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American Women Artists 1935 1970 . Numerous American women artists built successful professional careers in the mid-twentieth century while confronting challenging cultural transitions: shifts in stylistic avant-gardism, harsh political transformations, and changing gender expectations for both women and men. These social and political upheavals provoked complex intellectual and aesthetic tensions. Critical discourses about style and expressive value were also renegotiated, while still privileging masculinist concepts of aesthetic authenticity. In these contexts, women artists developed their careers by adopting innovative approaches to contemporary subjects, techniques, and media. However, while a few women working during these decades have gained significant recognition, many others are still consigned to historical obscurity. The essays in this volume take varied approaches to revising this historical silence. Two focus on evidence of gender biases in several exhibitions and contemporary critical writings; the rest discuss individual artists' complex relationships to mainstream developments, with attention to gender and political biases, cultural innovations, and the influence of racial/ethnic diversity. Several also explore new interpretative directions to open alternative possibilities for evaluating women's aesthetic and formal choices. Through its complex, nuanced approach to issues of gender and female agency, this volume offers valuable and exciting new scholarship in twentieth-century American art history and feminist studies.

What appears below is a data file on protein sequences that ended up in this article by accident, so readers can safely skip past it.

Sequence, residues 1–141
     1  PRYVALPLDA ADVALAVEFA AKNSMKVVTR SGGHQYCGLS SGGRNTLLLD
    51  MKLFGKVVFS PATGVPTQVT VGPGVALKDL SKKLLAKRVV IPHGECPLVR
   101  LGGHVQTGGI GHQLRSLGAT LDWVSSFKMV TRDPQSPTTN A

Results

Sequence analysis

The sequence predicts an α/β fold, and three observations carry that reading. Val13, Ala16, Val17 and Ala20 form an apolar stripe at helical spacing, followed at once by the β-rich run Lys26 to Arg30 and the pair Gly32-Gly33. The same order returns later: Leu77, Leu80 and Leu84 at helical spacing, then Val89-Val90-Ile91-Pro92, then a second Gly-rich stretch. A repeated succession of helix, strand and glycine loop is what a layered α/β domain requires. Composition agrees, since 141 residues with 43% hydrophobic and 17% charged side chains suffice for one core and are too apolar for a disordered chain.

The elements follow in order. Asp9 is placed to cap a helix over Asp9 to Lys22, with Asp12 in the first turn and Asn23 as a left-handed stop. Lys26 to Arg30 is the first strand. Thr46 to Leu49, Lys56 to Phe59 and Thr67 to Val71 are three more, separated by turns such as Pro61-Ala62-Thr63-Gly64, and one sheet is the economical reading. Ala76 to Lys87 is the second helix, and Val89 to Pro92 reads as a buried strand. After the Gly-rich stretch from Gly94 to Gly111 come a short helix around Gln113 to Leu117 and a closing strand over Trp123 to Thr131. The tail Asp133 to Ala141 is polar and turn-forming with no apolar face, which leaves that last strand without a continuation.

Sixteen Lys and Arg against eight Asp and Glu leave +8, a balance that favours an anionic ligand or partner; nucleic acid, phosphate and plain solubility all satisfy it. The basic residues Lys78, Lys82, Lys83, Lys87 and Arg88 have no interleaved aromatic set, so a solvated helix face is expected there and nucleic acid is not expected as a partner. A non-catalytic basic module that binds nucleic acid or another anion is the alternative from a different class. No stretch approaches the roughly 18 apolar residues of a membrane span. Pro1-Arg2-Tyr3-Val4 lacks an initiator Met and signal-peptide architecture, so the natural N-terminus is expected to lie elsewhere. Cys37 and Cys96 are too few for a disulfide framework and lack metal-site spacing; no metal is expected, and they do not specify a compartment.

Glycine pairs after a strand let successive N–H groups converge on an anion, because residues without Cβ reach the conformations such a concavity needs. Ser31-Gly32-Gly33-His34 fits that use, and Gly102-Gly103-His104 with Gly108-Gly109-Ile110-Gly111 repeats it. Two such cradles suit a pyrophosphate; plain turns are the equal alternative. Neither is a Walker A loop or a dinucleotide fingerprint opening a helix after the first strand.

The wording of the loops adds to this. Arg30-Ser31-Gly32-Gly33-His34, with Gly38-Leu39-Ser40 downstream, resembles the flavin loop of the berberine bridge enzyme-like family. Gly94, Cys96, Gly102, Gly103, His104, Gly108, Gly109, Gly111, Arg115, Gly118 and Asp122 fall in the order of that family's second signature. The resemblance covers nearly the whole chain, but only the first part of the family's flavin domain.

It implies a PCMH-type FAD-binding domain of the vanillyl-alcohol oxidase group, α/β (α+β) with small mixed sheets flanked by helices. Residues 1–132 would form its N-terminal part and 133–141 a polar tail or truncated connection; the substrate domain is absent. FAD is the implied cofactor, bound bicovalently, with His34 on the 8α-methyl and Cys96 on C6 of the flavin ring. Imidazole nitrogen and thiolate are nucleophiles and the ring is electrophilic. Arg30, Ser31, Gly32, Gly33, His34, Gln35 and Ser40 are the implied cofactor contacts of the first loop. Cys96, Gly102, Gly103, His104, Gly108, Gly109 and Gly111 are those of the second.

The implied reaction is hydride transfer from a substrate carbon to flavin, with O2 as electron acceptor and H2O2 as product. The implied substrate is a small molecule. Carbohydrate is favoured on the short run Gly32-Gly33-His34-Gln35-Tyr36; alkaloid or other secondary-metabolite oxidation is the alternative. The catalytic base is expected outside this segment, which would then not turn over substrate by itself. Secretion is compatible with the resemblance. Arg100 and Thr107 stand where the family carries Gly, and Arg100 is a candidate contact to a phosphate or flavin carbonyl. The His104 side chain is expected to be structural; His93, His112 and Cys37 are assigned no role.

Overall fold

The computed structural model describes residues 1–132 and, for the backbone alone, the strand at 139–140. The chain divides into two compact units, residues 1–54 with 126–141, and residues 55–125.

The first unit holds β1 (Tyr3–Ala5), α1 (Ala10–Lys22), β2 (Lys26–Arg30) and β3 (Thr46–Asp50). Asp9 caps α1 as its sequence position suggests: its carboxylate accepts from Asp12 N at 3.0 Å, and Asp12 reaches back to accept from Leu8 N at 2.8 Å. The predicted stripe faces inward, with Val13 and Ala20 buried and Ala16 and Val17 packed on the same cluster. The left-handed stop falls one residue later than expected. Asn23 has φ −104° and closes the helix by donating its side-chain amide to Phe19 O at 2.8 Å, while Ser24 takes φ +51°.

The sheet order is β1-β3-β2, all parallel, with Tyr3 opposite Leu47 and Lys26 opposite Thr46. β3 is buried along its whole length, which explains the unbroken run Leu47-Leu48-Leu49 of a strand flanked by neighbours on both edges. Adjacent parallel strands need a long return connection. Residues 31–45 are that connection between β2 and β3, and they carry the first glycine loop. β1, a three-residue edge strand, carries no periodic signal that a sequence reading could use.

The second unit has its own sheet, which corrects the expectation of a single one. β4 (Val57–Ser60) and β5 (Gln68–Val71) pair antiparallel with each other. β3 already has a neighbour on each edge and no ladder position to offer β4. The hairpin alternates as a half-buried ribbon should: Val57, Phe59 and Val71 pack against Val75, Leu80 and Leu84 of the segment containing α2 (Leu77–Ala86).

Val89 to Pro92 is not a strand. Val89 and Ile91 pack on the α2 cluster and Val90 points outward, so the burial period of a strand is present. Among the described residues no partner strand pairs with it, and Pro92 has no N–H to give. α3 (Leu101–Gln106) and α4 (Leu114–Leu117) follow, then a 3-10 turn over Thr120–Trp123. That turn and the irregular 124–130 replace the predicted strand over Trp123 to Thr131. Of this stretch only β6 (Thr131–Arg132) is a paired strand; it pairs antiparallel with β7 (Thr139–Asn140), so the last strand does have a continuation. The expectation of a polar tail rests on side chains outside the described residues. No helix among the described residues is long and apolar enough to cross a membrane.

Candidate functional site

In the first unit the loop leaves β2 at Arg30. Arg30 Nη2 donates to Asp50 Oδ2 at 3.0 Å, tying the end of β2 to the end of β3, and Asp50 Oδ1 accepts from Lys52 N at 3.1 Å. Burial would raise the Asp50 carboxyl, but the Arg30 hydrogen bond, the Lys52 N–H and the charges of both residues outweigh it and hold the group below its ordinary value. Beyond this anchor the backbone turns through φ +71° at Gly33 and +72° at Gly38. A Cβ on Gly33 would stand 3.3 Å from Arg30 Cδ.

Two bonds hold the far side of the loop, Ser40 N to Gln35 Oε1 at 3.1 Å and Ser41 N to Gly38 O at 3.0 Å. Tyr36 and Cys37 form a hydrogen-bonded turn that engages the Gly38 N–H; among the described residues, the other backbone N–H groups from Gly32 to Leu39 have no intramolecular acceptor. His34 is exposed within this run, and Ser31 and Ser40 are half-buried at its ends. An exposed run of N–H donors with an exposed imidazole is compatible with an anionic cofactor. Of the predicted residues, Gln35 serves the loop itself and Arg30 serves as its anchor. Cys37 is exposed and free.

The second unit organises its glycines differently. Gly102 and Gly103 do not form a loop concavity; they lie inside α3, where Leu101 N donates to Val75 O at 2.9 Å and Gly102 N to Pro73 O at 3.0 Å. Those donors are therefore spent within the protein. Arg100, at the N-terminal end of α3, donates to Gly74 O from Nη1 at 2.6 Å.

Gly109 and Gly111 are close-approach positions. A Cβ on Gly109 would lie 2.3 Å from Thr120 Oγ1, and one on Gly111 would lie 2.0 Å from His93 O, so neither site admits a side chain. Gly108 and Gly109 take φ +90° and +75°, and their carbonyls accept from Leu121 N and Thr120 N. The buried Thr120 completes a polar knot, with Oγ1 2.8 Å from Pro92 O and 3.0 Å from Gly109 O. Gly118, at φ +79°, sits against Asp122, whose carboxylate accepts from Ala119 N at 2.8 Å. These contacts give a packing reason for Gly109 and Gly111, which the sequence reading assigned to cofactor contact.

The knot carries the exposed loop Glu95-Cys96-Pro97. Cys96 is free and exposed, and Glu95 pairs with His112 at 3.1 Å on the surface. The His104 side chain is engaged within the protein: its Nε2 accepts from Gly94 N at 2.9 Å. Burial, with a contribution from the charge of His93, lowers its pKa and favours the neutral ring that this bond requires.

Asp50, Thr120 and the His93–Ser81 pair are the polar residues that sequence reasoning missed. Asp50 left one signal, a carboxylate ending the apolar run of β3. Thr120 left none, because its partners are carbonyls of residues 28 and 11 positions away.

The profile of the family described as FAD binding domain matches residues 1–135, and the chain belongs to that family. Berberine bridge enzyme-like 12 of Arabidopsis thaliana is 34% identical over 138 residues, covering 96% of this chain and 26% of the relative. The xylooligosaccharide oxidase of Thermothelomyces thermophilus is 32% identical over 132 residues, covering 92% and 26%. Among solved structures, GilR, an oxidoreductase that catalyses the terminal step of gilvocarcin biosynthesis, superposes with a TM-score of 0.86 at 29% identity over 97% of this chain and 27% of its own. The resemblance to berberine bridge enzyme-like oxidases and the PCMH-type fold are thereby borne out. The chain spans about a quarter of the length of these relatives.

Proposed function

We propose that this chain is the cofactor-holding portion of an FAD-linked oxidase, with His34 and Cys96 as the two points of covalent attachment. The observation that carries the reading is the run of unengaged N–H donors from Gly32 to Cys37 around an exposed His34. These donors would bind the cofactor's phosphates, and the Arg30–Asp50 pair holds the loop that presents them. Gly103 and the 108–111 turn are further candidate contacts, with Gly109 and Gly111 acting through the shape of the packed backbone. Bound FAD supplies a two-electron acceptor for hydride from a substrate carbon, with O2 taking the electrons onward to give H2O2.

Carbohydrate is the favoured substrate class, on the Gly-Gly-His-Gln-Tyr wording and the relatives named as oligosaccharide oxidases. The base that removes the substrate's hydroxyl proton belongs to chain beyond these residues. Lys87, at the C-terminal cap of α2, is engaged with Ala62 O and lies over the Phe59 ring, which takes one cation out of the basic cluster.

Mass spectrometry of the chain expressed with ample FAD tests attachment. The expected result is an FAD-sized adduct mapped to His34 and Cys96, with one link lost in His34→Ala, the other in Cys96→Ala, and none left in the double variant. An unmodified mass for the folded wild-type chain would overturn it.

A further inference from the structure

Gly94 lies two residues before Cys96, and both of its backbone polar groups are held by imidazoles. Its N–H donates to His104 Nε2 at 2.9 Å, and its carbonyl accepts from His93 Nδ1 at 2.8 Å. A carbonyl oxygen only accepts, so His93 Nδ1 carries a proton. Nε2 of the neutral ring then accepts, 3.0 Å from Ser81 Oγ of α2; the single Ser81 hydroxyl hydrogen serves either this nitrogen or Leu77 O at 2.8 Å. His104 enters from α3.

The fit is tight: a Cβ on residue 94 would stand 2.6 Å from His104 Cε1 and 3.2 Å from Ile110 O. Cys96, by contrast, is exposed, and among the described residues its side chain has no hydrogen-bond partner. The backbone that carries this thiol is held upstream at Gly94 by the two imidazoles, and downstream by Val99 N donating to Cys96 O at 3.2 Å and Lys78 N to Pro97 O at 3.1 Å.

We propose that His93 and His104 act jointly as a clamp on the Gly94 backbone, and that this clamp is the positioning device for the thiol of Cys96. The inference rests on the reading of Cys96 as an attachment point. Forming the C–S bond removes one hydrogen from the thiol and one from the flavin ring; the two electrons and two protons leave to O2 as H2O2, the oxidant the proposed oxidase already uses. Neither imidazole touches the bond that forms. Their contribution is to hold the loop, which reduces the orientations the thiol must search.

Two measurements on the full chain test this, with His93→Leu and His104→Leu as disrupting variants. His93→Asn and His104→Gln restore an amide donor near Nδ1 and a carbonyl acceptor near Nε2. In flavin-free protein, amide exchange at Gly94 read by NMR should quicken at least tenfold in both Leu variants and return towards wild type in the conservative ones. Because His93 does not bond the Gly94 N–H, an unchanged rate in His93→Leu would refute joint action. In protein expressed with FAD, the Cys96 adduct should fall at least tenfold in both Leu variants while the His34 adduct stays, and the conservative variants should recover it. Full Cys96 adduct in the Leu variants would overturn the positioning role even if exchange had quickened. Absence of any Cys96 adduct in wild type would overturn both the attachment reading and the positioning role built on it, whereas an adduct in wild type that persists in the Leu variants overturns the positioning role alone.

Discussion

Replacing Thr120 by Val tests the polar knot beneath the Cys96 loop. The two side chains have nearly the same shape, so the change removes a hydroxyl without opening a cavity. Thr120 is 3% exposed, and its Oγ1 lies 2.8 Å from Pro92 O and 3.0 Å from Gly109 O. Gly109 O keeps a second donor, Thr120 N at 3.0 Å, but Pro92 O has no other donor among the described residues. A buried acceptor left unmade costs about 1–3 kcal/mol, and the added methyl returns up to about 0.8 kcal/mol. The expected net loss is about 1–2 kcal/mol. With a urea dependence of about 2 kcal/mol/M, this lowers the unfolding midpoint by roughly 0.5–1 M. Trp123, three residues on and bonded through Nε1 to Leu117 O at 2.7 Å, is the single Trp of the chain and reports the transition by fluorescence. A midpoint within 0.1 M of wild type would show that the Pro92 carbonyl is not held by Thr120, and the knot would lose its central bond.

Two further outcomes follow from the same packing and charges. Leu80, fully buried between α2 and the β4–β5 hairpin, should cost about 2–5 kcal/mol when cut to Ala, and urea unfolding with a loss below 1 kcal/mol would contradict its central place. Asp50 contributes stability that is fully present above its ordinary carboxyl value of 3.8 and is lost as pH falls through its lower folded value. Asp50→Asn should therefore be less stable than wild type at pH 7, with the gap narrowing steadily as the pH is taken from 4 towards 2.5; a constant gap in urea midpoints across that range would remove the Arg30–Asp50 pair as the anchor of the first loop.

Culture In The Marketplace

Author: Molly H. Mullin
Publisher: Duke University Press
ISBN: 0822380609
Size: 77.98 MB
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Culture In The Marketplace. In the early twentieth century, a group of elite East coast women turned to the American Southwest in search of an alternative to European-derived concepts of culture. In Culture in the Marketplace Molly H. Mullin provides a detailed narrative of the growing influence that this network of women had on the Native American art market—as well as the influence these activities had on them—in order to investigate the social construction of value and the history of American concepts of culture. Drawing on fiction, memoirs, journalistic accounts, and extensive interviews with artists, collectors, and dealers, Mullin shows how anthropological notions of culture were used to valorize Indian art and create a Southwest Indian art market. By turning their attention to Indian affairs and art in Santa Fe, New Mexico, she argues, these women escaped the gender restrictions of their eastern communities and found ways of bridging public and private spheres of influence. Tourism, in turn, became a means of furthering this cultural colonization. Mullin traces the development of aesthetic worth as it was influenced not only by politics and profit but also by gender, class, and regional identities, revealing how notions of “culture” and “authenticity” are fundamentally social ones. She also shows how many of the institutions that the early patrons helped to establish continue to play an important role in the contemporary market for American Indian art. This book will appeal to audiences in cultural anthropology, art history, American studies, women’s studies, and cultural history.